Britta Barrett: Are there other books about crime or law that you think do an incredible service to both?
Alex Marzano: Ooh, great question. Shot in the Heart by Mikal Gilmore was a huge influence to me. I read it pretty early on in my own education as a writer. At the time I was really only writing fiction and I thought ... Mikal Gilmore, his brother Gary Gilmore was the first person executed by the U.S. when the U.S. reinstated the death penalty in the '70s. Gary Gilmore had committed a couple of murders, and he asked to die by firing squad, hence the book's title, Shot in the Heart. The book is Mikal Gilmore trying to grapple with that.
A bit of a side note, a trivia for listeners, Nike's slogan, Just Do It, actually comes from Gary Gilmore's last words. The ad man on the Nike account was sitting on his desk the next morning reading the paper and Gary had been executed the night before. He saw, "Just do it," and he used that as the slogan for Nike, and so it has been for many, many, many years.
But I think that, and I mention that in part because I don't think we realize all the different places that the death penalty permeates our popular consciousness. Things like every joke that we have about a last meal, or the children's game Hang Man, when you fill in the letters and what not, it permeates a lot.
So, Gary Gilmore, Shot in the Heart is one. He's trying to think about his brother's death, but in the process he has to evoke mythology, and ghosts, and the history of Utah. I'm really interested in stories that in trying to explain something, understand that they must tackle so much, that they must try to evoke a lot.
Certainly Janet Malcolm's The Journalist and the Murderer, which is not much about law, more about the ethnics and nonfiction, but is very powerful. A Civil Action was enormously influential to me in trying to think about how to make court room scenes engaging to read. It does a beautiful job with that, as well as evoking the power of documents.
There are many others. I think the law is all about stories, and as a result, we have a lot of good books and movies about the law.
Emily Calkins: We're talking about crime in this episode because it's one of our challenge categories for this year's 10 to Try annual reading challenge, read a book about crime. But we know that the kind of dark gritty stories that are covered in the books that we've been talking about so far aren't necessarily for everyone. I have a couple of picks for things that are little bit lighter or a little bit less devastating to read.
My first is super light, super fun. This is Goldie Vance. It is a graphic novel series aimed at teen readers, but I think they have tons of appeal for everyone. They are cute as heck, adorable, candy-colored art. Goldie is a teenager, sort of Nancy Drew meets '60s era sci-fi. She lives in a hotel in Florida where her dad is the manager, and she goes around solving crimes throughout the hotel.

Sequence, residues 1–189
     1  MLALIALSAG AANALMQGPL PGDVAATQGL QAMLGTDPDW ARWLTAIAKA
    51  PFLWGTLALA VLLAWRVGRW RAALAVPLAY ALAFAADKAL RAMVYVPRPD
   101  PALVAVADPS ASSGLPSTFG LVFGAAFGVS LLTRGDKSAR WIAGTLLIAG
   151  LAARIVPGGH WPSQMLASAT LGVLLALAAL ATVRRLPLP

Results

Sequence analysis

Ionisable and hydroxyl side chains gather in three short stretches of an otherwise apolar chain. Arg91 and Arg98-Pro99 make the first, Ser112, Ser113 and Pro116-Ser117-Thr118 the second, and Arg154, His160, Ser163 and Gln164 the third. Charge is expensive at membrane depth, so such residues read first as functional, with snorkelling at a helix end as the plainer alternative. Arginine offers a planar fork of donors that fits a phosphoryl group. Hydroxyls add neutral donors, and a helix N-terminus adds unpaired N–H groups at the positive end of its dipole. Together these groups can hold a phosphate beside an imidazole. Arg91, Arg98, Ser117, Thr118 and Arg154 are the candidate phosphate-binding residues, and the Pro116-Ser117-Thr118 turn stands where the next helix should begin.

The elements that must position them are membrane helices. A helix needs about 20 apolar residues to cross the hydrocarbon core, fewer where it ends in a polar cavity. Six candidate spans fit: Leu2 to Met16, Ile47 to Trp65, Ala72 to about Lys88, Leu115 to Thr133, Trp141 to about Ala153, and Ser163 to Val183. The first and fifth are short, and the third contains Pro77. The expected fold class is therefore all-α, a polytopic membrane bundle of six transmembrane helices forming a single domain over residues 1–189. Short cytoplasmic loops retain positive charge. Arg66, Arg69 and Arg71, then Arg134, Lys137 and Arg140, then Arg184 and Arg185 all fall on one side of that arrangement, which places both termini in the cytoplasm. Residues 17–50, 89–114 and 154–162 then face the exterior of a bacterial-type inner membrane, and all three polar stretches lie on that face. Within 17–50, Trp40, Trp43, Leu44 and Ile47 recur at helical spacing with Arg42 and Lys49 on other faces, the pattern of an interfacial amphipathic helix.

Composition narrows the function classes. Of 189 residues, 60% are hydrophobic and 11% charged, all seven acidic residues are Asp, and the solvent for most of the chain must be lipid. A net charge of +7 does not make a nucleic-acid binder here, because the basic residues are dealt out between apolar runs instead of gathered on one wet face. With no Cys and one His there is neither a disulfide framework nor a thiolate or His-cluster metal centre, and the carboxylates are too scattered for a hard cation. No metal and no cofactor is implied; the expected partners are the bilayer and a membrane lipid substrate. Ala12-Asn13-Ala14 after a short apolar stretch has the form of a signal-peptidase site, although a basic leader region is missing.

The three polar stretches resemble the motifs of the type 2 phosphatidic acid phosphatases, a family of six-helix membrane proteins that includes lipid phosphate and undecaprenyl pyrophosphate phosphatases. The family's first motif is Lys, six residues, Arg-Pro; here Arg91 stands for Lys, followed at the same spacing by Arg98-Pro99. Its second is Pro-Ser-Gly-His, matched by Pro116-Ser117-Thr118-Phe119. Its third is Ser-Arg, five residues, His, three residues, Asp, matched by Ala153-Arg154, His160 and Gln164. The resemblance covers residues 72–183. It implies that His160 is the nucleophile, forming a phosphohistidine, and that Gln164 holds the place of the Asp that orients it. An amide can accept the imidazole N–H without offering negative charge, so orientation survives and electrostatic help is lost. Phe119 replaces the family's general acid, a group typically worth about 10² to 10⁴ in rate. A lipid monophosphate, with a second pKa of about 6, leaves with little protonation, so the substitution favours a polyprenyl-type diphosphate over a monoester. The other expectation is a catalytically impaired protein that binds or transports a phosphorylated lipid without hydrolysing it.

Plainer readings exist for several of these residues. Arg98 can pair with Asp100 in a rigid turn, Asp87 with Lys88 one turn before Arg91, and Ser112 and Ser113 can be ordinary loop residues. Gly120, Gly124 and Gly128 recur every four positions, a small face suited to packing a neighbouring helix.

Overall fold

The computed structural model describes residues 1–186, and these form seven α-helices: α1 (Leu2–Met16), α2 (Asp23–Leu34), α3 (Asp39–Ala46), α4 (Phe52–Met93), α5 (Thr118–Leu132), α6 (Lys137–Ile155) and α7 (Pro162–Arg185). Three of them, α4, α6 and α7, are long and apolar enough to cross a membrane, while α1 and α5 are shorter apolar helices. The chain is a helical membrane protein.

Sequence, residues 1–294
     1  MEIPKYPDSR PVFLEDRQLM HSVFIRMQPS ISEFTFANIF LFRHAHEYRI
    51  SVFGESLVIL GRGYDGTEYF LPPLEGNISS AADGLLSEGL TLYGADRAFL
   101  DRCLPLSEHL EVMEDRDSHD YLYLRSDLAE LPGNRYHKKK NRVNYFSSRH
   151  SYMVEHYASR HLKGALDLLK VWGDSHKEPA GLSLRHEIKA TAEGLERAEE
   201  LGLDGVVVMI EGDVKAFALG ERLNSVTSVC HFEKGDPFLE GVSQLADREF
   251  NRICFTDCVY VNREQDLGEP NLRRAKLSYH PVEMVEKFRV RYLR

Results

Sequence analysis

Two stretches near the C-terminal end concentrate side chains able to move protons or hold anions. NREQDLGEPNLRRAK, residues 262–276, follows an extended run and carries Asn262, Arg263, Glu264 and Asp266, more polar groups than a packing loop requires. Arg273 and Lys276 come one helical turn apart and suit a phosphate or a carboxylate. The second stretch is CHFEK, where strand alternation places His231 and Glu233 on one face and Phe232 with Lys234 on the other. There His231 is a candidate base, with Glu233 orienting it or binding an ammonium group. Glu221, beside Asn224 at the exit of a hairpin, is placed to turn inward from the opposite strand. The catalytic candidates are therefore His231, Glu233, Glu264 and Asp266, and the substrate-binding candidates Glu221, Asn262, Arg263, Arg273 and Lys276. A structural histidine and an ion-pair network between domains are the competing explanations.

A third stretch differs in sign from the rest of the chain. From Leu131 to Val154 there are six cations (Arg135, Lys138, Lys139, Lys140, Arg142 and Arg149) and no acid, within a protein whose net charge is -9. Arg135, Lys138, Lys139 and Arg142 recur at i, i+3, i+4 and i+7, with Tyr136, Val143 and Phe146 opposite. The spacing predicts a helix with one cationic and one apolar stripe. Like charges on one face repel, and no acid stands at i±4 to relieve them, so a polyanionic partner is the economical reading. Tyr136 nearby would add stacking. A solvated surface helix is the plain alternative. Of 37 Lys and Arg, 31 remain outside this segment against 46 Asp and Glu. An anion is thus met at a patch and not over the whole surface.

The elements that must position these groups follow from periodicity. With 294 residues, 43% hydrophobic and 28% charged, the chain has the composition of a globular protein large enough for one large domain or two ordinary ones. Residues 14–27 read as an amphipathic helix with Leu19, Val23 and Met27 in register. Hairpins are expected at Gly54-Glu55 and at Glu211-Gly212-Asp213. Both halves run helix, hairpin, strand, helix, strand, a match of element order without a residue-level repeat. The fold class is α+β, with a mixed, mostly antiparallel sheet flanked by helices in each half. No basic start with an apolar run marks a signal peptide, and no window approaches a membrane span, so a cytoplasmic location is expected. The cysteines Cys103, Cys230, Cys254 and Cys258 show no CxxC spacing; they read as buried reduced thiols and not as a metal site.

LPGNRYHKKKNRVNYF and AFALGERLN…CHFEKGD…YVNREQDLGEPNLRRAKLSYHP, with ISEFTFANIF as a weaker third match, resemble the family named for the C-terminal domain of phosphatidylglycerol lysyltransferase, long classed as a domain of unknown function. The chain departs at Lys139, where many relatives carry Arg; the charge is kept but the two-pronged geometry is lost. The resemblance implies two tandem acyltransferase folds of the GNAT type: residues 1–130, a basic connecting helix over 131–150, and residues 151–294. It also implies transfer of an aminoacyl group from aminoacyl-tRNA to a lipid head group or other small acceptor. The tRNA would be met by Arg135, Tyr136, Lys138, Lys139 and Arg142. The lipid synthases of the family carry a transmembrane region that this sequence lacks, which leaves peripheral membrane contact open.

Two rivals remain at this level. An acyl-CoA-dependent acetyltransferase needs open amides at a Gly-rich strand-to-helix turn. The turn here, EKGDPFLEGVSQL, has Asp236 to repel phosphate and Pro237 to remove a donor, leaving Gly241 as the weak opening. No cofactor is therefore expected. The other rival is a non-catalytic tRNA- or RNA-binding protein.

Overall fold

In the first trade paperback, it's a possible spy, there's a connection to the space program, her really good friend wants to be one of NASA's first female astronaut. There's all kinds of intrigue, but it's just really light-hearted, really cute, and a series that I love to keep up with. That's Goldie Vance.
Britta Barrett: One more vote from an adult reader who thought it was precious.
Emily Calkins: It is the cutest.
Britta Barrett: Also, you can read it on Hoopla.
Emily Calkins: You can, so there's no waiting. My next pick is a little bit more serious, but only a little bit. This is Bad Blood by John Carreyrou, who is a journalist. Do you know the story at all?
Britta Barrett: I don't.
Emily Calkins: Okay, it is ...
Britta Barrett: It's not a Taylor Swift song.
Emily Calkins: Alas. It is bananas. Basically, in the mid to late 2010s, whatever we're calling that decade, there was this startup.
Britta Barrett: Oh, now I know what you're about to talk about.
Emily Calkins: The thing that the startup was going to do was revolutionize blood testing, which is a huge industry. It's super expensive. If you've ever had to have your blood tested for something, you know that it's not a quick prick. It's they stick the thing on your arm, and the blood is shooting out.
Britta Barrett: Can never find my veins.
Emily Calkins: Yeah. It's a whole situation. This company had developed this super innovative technology that was going to make blood testing super fast, inexpensive, something that people could do at home. A single drop would test for hundreds of potential diseases. Because it is such a huge industry and there's so much money behind it, the company grew incredibly rapidly. The founder was a young woman who dropped out of Stanford to run the company. She was a huge rising star in the tech world. In the mid-20-teens, this journalist was hearing some rumblings from former employees that maybe things at this company were not what they seemed. He started investigating, and it turned out that things were very much not what they seemed, and he started writing a series of articles that basically led to the dissolution of this company. I don't want to give anything away, but the technology didn't exist at all. This multi-billion dollar company was built on a technology that she had been faking for years.
Bad Blood is the story of that company, how it became so huge, so highly valued, and then the dissolution. It's all in court right now. It's just a wild, wild ride. You just cannot believe, huge names, billions of dollars, but no murder. That's Bad Blood.
Britta Barrett: I can't wait to read that. I feel like this is truly the year of the scam.
Emily Calkins: Yes.
Britta Barrett: Between fake German heiresses, and festivals that are falling apart.
Emily Calkins: Yeah, totally. It is the year of the scam, and Bad Blood is the leader in that. How about you, what are your picks?